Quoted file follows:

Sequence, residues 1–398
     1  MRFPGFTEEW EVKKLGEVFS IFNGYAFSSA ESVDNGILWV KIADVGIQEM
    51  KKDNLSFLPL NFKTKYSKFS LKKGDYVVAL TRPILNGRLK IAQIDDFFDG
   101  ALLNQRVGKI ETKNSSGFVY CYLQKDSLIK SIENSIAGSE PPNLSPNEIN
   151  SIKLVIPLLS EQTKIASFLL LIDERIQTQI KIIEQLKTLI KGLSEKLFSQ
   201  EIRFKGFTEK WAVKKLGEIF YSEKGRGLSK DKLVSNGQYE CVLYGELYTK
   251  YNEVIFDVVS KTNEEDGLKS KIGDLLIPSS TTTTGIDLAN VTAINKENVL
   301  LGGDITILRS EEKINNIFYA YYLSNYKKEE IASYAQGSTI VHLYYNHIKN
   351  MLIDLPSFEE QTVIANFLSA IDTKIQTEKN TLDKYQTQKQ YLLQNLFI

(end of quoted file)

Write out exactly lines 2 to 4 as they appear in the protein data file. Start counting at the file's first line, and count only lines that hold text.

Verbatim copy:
     1  MRFPGFTEEW EVKKLGEVFS IFNGYAFSSA ESVDNGILWV KIADVGIQEM
    51  KKDNLSFLPL NFKTKYSKFS LKKGDYVVAL TRPILNGRLK IAQIDDFFDG
   101  ALLNQRVGKI ETKNSSGFVY CYLQKDSLIK SIENSIAGSE PPNLSPNEIN